FIG. 1D illustrates the advanced filtration membrane 10 according to one embodiment. The membrane 10 is designed to allow for passive diffusion of analytes in interstitial fluid (ISF) while preventing transport of cells and larger proteins. The filtration membrane 10 is preferably constructed from a polyvinylidene fluoride (PVDF) membrane 60, although other materials may be used including, but not limited to, cellulose acetate, mixed esters of cellulose, polysulfone, polyester, polypropylene, cellulose nitrate, polycarbonate, nylon (charged and uncharged), polyethylene, and vinyl acetate ethylene copolymers. The PVDF membrane 60 is used to promote microachitecture-driven neovascularization 62. To prevent cells from entering the collection reservoir 25, the surface of the PVDF membrane 60 adjacent the reservoir 25 is laminated with an ultrafiltration membrane 65 consisting of any biocompatible material with pore sizes of less than 1.0 μm. Preferably, the ultrafiltration membrane is constructed using a hydrogel of photopolymerized polyethylene glycol (PEG). The molecular weight of the PEG membrane may range in size from 100 Da to 50 Kda or more preferably 575 Da. (Sigma Chemical). In one embodiment, the laminated filtration membranes 10 are formed by spin coating aqueous hydrogel precursor solutions on the inside of the PVDF membrane 60 (e.g., a precursor solution consisting of 23% PEG-dacrylate and 0.1% 2,2′-dimethoxy-2Diphenylacetophenone (Sigma Chemical Part # 24650-42-8), a UV-activated free radical polymerization agent). The high viscosity of the solution and surface tension between the PVDF membrane and the precursor solution does not allow significant solution penetration into the pores of the PVDF membrane and therefore does not inhibit neovascularization. The coated PVDF membrane 60, is then illuminated by UV light (e.g., 365 nm, 20 mW/cm2) at a distance of approximately 1 cm until complete polymerization has taken place (typically two to ten seconds or less). The filtration membrane 10 is then attached to the housing 15 using a medical grade adhesive (e.g., an epoxy such as Loctite # 4981).
 In one embodiment, the PVDF membrane 60 has a pore size ranging from 0.05 μm to 40 μm, preferably about 5 μm. The thickness of the filtration membrane 10 preferably may range from 10 μm to 500 μm, and even more preferably is about 100 μm. The diameter of the filtration membrane 10 preferably ranges from 0.1 to 3.0 cm in diameter, and even more preferably is about 0.7 cm.
 In short, the filtration membrane is designed to promote neovascularization on the tissue interfacing side while preventing cellular passage with a bioprotective layer on the device side. As mentioned above, PEG is preferable but many materials with pore sizes too small for cells to pass through may be used. In addition, as mentioned above, photopolymerized PEG is suitable but other techniques of polymerization of the PEG are acceptable, for example, thermal or chemical methods may be used to initiate polymerization of the PEG.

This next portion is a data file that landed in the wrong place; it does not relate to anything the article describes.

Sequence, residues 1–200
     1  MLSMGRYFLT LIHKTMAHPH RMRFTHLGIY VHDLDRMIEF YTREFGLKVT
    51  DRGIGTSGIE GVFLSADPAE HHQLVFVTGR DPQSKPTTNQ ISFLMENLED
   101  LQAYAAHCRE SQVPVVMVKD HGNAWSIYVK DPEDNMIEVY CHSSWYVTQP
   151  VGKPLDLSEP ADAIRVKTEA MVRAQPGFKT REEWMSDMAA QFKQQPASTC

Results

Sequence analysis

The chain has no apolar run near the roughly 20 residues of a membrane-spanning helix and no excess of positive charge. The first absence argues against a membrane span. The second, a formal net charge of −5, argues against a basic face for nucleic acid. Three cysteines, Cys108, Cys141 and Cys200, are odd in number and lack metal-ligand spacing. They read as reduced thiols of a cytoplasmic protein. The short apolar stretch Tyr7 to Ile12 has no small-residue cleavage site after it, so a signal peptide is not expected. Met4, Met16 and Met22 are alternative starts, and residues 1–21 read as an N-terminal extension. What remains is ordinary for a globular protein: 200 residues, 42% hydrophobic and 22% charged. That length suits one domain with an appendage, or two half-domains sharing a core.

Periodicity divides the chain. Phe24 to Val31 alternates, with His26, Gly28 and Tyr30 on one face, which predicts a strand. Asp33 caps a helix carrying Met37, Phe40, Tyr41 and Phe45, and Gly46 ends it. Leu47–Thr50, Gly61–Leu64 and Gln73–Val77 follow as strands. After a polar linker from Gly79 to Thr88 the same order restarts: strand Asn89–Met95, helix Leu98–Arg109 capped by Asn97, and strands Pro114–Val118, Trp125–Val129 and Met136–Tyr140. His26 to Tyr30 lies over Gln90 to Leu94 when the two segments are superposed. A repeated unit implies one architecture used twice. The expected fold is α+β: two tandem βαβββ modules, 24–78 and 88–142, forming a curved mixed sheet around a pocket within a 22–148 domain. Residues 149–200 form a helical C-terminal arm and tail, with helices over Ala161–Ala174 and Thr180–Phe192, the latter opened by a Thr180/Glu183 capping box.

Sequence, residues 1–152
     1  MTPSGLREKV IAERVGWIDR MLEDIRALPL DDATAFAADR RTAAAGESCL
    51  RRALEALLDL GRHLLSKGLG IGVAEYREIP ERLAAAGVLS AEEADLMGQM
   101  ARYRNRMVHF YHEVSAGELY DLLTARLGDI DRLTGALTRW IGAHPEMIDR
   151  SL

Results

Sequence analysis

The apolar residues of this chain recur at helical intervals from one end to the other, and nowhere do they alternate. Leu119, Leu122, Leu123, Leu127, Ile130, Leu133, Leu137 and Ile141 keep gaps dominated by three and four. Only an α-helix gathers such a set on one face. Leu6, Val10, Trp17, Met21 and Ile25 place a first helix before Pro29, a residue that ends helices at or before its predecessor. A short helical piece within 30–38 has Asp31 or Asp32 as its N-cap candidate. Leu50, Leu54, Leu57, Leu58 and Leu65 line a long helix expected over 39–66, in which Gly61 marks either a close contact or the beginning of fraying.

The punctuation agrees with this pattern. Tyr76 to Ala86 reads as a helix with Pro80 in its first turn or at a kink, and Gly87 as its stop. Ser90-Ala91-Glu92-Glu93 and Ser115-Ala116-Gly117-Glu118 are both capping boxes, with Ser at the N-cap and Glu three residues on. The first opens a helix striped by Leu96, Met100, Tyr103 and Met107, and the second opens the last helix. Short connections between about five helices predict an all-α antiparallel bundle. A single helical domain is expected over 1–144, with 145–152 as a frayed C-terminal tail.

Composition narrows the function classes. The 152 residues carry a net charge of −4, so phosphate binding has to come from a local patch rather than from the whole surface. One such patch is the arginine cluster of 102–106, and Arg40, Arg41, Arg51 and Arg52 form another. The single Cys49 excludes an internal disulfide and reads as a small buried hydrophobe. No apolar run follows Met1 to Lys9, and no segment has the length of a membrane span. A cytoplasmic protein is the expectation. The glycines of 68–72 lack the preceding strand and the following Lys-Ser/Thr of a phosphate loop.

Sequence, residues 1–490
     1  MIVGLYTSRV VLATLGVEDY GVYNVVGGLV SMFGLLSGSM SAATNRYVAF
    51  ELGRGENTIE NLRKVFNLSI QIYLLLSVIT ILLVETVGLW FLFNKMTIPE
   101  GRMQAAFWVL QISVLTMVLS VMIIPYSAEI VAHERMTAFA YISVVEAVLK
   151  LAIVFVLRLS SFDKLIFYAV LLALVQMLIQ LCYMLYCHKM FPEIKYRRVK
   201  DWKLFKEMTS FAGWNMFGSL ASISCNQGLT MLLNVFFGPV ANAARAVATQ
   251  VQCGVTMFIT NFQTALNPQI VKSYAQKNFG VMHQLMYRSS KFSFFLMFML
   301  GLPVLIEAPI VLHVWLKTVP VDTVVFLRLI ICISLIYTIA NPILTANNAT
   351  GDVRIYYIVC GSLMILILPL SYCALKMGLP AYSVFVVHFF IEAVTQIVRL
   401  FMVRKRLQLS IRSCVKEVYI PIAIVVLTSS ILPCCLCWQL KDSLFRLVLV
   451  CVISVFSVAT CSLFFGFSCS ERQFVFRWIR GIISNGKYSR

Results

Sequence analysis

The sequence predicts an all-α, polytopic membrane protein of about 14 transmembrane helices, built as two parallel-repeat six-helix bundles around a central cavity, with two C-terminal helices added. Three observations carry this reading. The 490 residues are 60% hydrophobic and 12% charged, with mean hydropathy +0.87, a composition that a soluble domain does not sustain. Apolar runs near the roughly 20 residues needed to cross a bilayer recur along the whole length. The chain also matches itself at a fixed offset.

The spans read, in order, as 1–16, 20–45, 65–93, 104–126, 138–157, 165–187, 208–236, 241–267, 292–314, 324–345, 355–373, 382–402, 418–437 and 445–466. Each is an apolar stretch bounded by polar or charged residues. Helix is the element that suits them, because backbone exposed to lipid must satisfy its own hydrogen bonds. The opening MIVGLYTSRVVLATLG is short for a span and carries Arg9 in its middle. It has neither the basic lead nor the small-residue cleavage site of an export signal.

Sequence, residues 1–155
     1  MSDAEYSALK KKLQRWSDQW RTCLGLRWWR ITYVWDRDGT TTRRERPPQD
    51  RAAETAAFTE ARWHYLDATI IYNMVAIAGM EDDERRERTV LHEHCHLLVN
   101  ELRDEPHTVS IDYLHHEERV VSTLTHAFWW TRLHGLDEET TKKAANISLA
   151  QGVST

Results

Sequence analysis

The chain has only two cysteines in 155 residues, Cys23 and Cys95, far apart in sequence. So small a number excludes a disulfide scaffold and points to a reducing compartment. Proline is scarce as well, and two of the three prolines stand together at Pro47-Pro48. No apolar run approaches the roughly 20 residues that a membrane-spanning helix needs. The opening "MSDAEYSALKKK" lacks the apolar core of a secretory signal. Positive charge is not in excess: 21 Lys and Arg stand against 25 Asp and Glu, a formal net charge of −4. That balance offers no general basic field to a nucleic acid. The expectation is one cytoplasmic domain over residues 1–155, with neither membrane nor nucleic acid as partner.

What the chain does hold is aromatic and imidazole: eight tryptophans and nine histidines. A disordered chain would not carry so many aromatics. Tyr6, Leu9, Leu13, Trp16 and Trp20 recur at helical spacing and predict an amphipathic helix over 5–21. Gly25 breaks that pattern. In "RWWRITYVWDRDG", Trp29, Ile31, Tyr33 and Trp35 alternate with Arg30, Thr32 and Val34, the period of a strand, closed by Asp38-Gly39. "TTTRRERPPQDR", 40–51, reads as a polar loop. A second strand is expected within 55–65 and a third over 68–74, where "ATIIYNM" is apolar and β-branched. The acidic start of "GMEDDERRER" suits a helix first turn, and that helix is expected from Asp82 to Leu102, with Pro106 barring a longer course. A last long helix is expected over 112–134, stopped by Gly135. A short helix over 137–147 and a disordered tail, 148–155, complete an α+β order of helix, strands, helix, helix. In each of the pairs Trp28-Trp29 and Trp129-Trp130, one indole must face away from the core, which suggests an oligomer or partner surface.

Implant Housing
 As depicted in FIG. 1E, the central housing 15 includes a conduit 70 with septa 20 contained within the conduit 70. The distal end of the conduit 75 is sealed with the filtration membrane 10. The portion of the conduit between the top of the filtration membrane 10 and the bottom of the lower septum 20 form the collection reservoir 25. The top of the conduit 70 contains a cap 80 to prevent debris and contaminants from entering the conduit 70 when the implant 1 is not in use. Although the cap depicted in FIG. 1E is a hinged, spring-loaded cap, numerous other cap designs may be used including, without limitation, a removable, snap-on or screw on cap.
 The conduit 70 is preferably formed of stainless steel tubing or other rigid biocompatible material. Alternatively, the conduit may be formed integrally with the housing unit 15, being defined by the lumen thereof. The outer diameter of the housing element 15 may range from 0.1 to 2.0 cm, and is preferably about 0.7 cm. The lumen diameter of the housing element 15 may range from 0.125 to 1.775 cm, and is preferably about 0.5 cm. Each of the septum 20 is preferably constructed of a elastic, self-sealing biocompatible material, more preferably silicone rubber and is sized to fit snugly within the lumen of the conduit, thus providing a liquid-tight seal between the collection reservoir 25 and the upper portion of the conduit. The thickness of the individual septum 20 preferably may range from 0.05 to 1.0 cm and more preferably is about 0.3 cm. The distance between the bottom of the lower septum 20 and the filtration membrane 10 defines the depth of the collection reservoir 25 and preferably may range from 0.05 cm to 2.0 cm and more preferably is about 0.2 cm. The resulting volume of the collection reservoir 25 may range from 0.6 μl to 5.0 ml and more preferably is about 40 μl.